The ARWC is committed to the development of a movement of women peasants, agricultural women workers, indigenous women, Dalit women, nomads, fisherfolk, informal and formal workers, migrants and advocates calling for rural women's rights, empowerment and liberation!
International Day of Rural Women, established by the UN General Assembly in 2007, recognises "the critical role and contribution of rural women, including indigenous women, in enhancing agricultural and rural development, improving food security and eradicating rural poverty."
ARWC honours rural women and advocates from all countries across Asia who continuously fight for survival, justice and freedom. ARWC celebrates the leadership, strength, creativity, and commitment in pushing for gender equality while improving lives of the general rural populace.
The ARWC draws its attention both to the contribution that rural women make in their homes, workplaces, communities and the societies and the many challenges that they face.
In the name of development and economic growth, our farms, forests, waters, ancestral territories and livelihoods were taken away. Massive land acquisitions and conversions have been systematic that displace hundreds of communities from their sources of livelihoods. Insufficient effort to tackle climate change made by the governments and corporations, and their lack of accountability put us in more disastrous situation in flood, drought, and land degradation. The caste and rural patriarchal structures impaired our cultures, education, marriage and future. With the worsening hunger and poverty situation, aggravated by soaring prices of commodities, rural women bear the greatest burden.
Yet, in the face of greater challenges posed by the global crisis, Asian rural women have shown not only extreme resilience but more importantly have played critical roles in asserting their rights and changing their situation. Rural and indigenous women defend and reclaim their land, natural resources, livelihoods, decent living condition with health and education. Rural and indigenous women contribute to their communities with their expertise, encourage other rural women and stand together to bring brighter future. Rural and indigenous women raise their voices and confront systemic violence and oppression: patriarchy, corruption, militarism, expropriation and exploitation, against the authorities, multinational corporations, governments and capitalist-imperialists.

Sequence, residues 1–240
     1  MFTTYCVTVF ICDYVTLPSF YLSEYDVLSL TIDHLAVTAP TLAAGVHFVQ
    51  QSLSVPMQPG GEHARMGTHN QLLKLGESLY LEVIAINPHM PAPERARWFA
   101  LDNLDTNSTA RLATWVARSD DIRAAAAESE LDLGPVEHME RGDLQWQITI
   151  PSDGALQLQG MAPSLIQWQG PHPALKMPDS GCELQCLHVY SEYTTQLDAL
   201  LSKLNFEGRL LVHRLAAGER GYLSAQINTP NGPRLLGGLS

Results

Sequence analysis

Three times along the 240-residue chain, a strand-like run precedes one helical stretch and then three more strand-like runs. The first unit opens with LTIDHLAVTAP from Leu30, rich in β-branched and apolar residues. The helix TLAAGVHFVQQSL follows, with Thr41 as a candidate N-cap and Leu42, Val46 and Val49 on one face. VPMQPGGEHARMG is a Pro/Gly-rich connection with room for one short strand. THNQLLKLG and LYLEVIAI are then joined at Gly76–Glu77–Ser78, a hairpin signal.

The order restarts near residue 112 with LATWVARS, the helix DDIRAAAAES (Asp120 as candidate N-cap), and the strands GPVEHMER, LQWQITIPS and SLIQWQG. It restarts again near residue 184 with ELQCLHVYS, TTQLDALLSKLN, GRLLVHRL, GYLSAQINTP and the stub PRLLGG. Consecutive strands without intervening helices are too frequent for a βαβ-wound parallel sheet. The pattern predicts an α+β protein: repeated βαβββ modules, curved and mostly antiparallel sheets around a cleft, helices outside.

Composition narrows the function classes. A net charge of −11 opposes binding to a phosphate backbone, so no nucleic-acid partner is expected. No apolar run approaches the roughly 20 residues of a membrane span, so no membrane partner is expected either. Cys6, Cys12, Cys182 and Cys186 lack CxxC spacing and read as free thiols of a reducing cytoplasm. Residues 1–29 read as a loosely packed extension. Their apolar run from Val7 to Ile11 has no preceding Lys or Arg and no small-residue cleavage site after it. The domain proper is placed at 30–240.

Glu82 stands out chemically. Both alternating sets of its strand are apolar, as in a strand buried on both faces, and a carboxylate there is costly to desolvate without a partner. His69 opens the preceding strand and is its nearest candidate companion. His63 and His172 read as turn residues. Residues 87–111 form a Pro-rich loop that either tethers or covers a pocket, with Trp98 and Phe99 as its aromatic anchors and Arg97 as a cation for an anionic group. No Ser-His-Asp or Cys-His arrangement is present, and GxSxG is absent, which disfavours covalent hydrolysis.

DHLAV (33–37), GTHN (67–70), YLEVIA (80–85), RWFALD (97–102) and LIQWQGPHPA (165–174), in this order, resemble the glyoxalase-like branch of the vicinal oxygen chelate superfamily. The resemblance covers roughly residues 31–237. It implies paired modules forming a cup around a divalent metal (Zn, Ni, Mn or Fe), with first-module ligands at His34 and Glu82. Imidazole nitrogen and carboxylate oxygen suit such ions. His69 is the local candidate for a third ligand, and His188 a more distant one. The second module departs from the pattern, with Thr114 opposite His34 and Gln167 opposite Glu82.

Taking an opportunity of the 5th International Day of Rural Women, ARWC highlights and celebrates 100 rural and indigenous women for their leadership, passion, strength and courage in resisting human rights violations, gender injustices and discrimination. These are the profiles of some of them:
She serves the families of small farmers in rural communities and provides consultancy to sick people and immunisation to children. She also provides information and raises awareness on maternal and child healthcare, hygiene and nutrition applying her medical knowledge and skills.
She is an elected woman representative. Despite being harassed, deserted and humiliated, she conquered and won the elections. To ensure that women's voices are heard, she motivates other women to stand for elections and conducts workshops to raise voters' awareness in the electoral process.
She struggles for dignity of women fisherfolk. While dealing with multiple tasks in poverty and gender discrimination she faces, she sets up an organisation and coordinates women in fishing communities raising awareness of and advocating for gender equality.
She is committed to the healthy environment and rural sustainable livelihoods. She practices and shares her knowledge and skills in producing organic and locally grown agricultural and livestock products. She also implements the projects creating employment opportunities for rural women in the countryside.
She supports rape victims. Despite her experience of violence and threats of murder and harassment, she actively campaigns to end violence against women and defend women's rights. She provides legal support and medical aid to women who were victims of violence and social taboos.
She leads her community to defend their ancestral land and resources, livelihoods and self-determination. She continues being involved in the campaign against destructive projects affecting the indigenous peoples. She is a role model of indigenous women conserving people's land and culture.
She struggles with rural poor communities and agricultural workers even compromising her health due to the massive pesticide spraying in the plantation. Today, she leads the campaign against extra-judicial killings as these are happening in rural provinces.
She supports and mobilises internally-displaced women. She fights for their rights with them and makes sure IDPs are provided of quality food. She encourages rural women in minority groups to speak up the issues they face in times of disaster, armed conflicts and violence.
She organises rural women and children to increase awareness on climate change and build their capacity to adapt its impact. She promotes discussion on sustainable development and environmental safety in a participatory way.
ARWC salutes the courageous efforts made by rural and indigenous women to bring justice and empower their communities. ARWC joins hands with all rural and indigenous women in transforming the society and embracing our futures.
OUR VOICES WILL BE HEARD!
For Rights, Empowerment and Liberation!
Honouring 100 women to mark 100 years of Women's Resistance